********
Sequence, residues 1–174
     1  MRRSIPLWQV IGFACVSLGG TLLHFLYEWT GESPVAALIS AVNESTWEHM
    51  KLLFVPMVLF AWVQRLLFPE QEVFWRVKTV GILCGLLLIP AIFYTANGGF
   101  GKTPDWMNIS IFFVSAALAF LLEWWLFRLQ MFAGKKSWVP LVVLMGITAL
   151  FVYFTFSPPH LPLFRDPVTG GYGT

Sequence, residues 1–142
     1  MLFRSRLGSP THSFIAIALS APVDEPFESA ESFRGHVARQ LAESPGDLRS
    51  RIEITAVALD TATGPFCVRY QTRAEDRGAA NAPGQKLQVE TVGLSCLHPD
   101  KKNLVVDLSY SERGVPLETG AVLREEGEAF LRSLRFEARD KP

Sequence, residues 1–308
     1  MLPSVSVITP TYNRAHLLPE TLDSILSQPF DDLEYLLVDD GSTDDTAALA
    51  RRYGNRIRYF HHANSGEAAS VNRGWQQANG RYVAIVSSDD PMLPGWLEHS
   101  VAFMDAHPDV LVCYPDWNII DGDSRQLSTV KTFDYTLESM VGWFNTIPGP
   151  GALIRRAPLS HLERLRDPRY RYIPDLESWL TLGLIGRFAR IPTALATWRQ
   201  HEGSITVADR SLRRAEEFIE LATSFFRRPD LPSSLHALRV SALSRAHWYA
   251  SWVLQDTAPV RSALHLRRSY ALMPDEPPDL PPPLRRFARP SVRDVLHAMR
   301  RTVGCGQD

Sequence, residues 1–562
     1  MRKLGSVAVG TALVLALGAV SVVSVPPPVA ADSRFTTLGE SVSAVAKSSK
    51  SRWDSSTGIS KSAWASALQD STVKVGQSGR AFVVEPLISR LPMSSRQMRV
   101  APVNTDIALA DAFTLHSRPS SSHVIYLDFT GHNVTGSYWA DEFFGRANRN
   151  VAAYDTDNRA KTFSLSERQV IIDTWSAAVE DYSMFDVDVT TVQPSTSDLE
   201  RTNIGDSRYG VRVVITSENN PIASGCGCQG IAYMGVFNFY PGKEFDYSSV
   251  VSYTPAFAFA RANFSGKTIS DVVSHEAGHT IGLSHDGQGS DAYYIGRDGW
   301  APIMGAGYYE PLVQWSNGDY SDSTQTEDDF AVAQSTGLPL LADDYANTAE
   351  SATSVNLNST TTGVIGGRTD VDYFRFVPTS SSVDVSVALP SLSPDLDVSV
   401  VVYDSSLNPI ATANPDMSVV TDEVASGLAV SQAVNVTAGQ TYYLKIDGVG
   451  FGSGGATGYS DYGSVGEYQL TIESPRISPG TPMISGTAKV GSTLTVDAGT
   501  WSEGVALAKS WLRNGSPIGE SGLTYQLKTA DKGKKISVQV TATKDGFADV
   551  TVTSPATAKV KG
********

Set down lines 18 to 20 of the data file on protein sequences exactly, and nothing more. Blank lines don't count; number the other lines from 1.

Sequence, residues 1–562
     1  MRKLGSVAVG TALVLALGAV SVVSVPPPVA ADSRFTTLGE SVSAVAKSSK
    51  SRWDSSTGIS KSAWASALQD STVKVGQSGR AFVVEPLISR LPMSSRQMRV